US Army Corps of Engineers
St. Louis District Website

Corps to Host Meramec Flood Risk Reduction Workshops

Published Oct. 18, 2017
ST. LOUIS – The U.S. Army Corps of Engineers, St. Louis District, in partnership with the St. Louis County Council and the City of Eureka will host two public workshops on Meramec Flood Risk Reduction on Wednesday, Nov. 1, at Powder Valley Conservation Nature Center, 11715 Cragwold Road, Kirkwood, Mo., from 6:00 to 8:30 p.m. and Thursday, Nov. 2, at the Eureka Fire District Training Center, 18765 Old Hwy 66, Pacific, Mo., 63069, from 6:00 to 8:30 p.m.

The meeting will include presentations from the National Nonstructural Flood Proofing Committee highlighting information on flood risk and U.S. trends in flooding, nonstructural flood proofing techniques, and potential resources for managing flood risk. USACE and Nonstructural Flood Proofing Committee experts will be available for questions leading up to and following formal presentations.

“Homes, businesses and infrastructure in the Lower Meramec basin have been significantly impacted by two recent floods of record,” said Shawn Sullivan, Strategic Planning coordinator for the St. Louis District. “This workshop will provide a great opportunity for Lower Meramec basin stakeholders to learn more about practical flood risk reduction solutions.”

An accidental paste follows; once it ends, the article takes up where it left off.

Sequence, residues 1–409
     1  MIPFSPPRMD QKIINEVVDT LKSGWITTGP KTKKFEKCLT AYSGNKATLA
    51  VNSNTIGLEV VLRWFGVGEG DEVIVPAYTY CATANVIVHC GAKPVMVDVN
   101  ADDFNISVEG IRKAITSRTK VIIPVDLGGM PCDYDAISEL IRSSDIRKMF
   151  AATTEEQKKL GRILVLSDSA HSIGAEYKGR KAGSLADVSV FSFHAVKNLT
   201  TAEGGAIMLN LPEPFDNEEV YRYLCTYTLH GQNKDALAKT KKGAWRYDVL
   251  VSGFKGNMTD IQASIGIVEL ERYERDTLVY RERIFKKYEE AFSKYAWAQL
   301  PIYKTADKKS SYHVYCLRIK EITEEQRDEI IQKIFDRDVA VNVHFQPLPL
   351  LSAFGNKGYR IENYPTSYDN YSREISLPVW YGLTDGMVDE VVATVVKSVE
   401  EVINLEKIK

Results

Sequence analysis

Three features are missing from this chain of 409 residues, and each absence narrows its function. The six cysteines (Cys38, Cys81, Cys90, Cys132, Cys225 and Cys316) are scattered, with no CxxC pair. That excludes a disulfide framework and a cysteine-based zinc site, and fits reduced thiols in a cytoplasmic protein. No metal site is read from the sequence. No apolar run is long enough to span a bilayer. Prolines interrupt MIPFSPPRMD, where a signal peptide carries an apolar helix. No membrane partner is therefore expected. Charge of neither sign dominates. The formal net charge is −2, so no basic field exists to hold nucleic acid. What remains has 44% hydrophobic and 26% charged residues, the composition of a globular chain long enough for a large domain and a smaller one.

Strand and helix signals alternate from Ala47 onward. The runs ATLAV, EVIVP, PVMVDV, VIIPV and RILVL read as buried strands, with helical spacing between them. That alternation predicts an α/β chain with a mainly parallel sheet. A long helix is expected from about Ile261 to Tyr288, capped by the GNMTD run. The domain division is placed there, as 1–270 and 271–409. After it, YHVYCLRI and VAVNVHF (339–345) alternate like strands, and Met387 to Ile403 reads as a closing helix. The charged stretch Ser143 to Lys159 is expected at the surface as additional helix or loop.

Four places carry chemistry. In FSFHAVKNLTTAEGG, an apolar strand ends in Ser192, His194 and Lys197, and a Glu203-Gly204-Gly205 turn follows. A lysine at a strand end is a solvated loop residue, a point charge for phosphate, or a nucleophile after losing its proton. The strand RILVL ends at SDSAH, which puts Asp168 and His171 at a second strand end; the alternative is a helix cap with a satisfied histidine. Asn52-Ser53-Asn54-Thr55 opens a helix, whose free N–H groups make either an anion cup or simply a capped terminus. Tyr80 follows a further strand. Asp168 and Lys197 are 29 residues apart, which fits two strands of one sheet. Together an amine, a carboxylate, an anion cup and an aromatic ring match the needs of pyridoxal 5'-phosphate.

There are a number of physical and nonphysical nonstructural flood proofing techniques which may be considered by communities for reducing their overall flood risk. Physical measures allow individual buildings to adapt to the natural characteristics of the floodplain so that there may be a reduction in future flood damages. Typical physical nonstructural flood proofing techniques are acquisition, relocation, elevation, and dry/wet flood proofing. Nonphysical nonstructural measures include floodplain mapping, flood warning systems, emergency action plans, land use regulations, evacuation plans, risk communication and flood insurance. These measures provide individuals at-risk of flooding knowledge of and actions to counter the flood threat to limit damages and prevent loss of life.

“We must continue to identify flood risk, communicate flood risk, and leverage resources and tools to mitigate flood risk. Flood risk management truly is a shared responsibility and the current limitations to funding and resources requires each of us to be more collaborative in our partnerships and innovative in our efforts to eliminate flood risk,” said Randy Behm, chair of the National Nonstructural Flood Proofing Committee.

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Amanda Kruse

Release no. 17-079